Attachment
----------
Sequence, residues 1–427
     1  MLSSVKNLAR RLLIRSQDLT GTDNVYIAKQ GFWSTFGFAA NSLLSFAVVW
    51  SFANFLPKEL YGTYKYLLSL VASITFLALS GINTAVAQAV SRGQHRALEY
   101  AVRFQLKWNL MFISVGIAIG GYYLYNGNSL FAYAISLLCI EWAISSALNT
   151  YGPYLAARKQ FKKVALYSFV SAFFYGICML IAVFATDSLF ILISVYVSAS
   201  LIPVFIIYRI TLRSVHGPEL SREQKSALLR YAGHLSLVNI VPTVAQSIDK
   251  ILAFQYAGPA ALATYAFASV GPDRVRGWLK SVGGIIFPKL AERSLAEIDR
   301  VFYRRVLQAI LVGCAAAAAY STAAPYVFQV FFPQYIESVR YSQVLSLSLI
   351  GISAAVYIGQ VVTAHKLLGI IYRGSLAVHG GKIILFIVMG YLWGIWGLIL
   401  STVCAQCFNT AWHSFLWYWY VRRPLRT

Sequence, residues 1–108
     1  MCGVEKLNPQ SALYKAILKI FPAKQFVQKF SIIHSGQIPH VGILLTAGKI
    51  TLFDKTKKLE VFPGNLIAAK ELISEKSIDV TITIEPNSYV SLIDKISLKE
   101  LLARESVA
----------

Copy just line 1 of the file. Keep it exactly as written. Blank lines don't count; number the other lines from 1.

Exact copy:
Sequence, residues 1–427